As part of my own happiness project, I have decided to declutter and organize a few areas around our house. I managed to organize the bookshelf, and it’s now much more lovely and welcoming. Starting with something visually prominent was a good idea because organizing a closet is significantly less rewarding. Still, organizing a closet has some feel goods to it too!
Our hall closet was a hodgepodge of games, crafts, and stored miscellaneous objects—including light bulbs. Don’t ask why we had light bulbs in this closet. It makes no sense to me. Because the closet has no door, it’s impossible to avoid the onslaught of CLUTTER every time we walk by it. Sharing these photos is moderately embarrassing given how neat we generally are with the rest of the house.
To begin with, I tried to condense the multitude of kiddo-related crafting materials into the organizers we had purchased for just this purpose. When our first foster kiddo came to live with us, I knew we’d need something to organize all the papers and foams and beads my friends gave to us so we could do art-related projects together. I fell a little behind getting it all organized (it’s like I had a kiddo or something), so it was nice to finally sort and organize the materials. I also moved those light bulbs to the laundry area, and I finally, finally got rid of the vacuum attachments that I have never used since I got the vacuum almost ten years ago.
We have several board games; we love our board game nights with friends, and we sometimes choose to play some solid two-player games by ourselves too. When organizing the board games, I grouped them by games we play all the time (easily accessible), games generally more appropriate for kiddos (lower shelf), and games we don’t play much (highest shelf).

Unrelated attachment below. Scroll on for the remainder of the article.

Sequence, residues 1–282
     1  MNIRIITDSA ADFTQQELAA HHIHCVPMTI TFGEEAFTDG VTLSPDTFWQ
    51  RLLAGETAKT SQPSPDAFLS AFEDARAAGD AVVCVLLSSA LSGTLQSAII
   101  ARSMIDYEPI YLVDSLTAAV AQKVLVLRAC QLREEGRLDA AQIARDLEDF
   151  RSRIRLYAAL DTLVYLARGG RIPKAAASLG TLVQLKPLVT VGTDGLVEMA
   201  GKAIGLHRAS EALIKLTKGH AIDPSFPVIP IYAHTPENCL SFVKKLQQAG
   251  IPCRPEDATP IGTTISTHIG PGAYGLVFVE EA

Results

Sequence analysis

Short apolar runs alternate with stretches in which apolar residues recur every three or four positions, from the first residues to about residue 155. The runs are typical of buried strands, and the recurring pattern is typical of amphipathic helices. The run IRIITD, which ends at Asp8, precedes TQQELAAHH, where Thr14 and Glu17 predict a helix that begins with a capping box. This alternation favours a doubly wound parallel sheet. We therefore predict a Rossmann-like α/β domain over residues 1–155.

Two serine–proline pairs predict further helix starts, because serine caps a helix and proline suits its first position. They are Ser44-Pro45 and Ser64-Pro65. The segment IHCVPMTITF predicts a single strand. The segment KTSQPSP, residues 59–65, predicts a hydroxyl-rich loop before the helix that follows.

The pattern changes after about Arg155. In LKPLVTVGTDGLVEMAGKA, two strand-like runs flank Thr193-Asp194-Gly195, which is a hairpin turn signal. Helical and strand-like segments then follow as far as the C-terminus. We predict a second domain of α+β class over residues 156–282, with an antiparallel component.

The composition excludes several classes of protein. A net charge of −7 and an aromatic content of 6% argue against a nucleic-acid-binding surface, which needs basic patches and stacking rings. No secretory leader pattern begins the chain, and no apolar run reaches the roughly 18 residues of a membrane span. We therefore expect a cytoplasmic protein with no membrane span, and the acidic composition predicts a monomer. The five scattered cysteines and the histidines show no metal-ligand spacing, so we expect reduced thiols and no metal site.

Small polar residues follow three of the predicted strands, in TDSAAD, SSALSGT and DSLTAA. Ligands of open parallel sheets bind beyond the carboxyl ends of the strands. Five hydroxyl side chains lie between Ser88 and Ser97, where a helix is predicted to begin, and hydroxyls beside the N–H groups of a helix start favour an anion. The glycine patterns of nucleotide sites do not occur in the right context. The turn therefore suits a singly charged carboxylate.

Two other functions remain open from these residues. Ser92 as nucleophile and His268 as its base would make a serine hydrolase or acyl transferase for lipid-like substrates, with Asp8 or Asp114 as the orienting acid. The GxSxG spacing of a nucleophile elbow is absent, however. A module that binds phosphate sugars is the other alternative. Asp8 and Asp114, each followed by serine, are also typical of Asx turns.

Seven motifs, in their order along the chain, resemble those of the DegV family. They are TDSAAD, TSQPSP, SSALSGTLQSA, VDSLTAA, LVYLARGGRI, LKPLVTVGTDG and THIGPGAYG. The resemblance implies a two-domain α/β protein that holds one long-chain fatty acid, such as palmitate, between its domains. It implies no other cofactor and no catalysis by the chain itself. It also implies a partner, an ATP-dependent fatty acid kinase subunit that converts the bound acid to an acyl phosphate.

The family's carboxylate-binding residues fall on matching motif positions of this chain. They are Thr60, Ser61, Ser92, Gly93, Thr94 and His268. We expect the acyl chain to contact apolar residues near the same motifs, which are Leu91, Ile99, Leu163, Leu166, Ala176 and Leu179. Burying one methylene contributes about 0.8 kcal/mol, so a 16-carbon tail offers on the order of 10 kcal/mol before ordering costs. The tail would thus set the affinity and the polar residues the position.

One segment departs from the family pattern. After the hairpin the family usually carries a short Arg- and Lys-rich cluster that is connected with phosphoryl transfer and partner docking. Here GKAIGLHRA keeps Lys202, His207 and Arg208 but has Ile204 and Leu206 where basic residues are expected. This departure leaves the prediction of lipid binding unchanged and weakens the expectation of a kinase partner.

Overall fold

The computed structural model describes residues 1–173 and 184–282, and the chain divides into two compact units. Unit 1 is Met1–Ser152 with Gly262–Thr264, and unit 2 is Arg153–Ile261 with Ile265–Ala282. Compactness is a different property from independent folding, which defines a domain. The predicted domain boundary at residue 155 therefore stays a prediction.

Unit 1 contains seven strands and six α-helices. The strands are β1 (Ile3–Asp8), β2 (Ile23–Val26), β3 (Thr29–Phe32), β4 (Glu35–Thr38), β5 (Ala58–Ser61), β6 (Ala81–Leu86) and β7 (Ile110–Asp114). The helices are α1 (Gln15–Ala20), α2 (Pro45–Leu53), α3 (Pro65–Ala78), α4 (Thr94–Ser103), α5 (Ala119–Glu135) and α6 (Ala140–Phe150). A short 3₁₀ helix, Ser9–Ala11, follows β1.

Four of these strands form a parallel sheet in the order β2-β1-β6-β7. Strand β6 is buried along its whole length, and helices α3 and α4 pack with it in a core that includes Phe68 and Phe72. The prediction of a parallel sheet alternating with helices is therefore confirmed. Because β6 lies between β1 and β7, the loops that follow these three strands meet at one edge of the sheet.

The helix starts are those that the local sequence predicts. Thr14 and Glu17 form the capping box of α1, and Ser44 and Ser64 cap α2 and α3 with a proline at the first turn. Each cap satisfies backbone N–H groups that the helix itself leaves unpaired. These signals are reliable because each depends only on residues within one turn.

My sewing accoutrements I had been organizing piecemeal for the weeks leading up to the grand organizing extravaganza. I organized my sewing basket, though, I have to confess: the basket was originally my husband’s sewing basket. I consulted him about a few things in the basket, and his response was that he didn’t care about anything in the basket and I had sole discretion. Huzzah! I combined my own sewing box with his nicer basket. Now, it’s nice and neat, and I know where (and what) everything is inside it.
When we got married, I sold my sewing machine to keep his nicer one (yes, we each had sewing machines). Then my mother got us a much, much nicer sewing machine that I could quilt on. We still have no need to keep a second sewing machine, so it was easy to part with his. We gave it to his mother, who had expressed interest in having it. Now, we no longer have two sewing machines in our hall closet, and my mother-in-law is happy. Woo!
The last thing I decide to do was to make a shrine of the things I loved, following the advice of Gretchen Rubin in her books on happiness. In this closet, I had stashed some objects I very much cherished that see little regular use: My Seder plate, matzah plate, Miriam Cup, and Elijah cup. I only use these once a year when I host a Passover Seder at home, which I haven’t done the last two years for various reasons. (That’s changing this year!) These objects are meaningful to me, and they’ve spent most of their lives in boxes in various closets. No more! I arranged the cups on top of the bookshelf with my other religious pieces (Shabbat candlesticks, Kiddush cup, and moose menorah), and I spent $12 for some racks to display the plates. I recycled their bulky boxes. Now, I can enjoy them all the time, and I cleared up some more space in the closet.
All in all, I consider this happiness-project organizational challenge a success.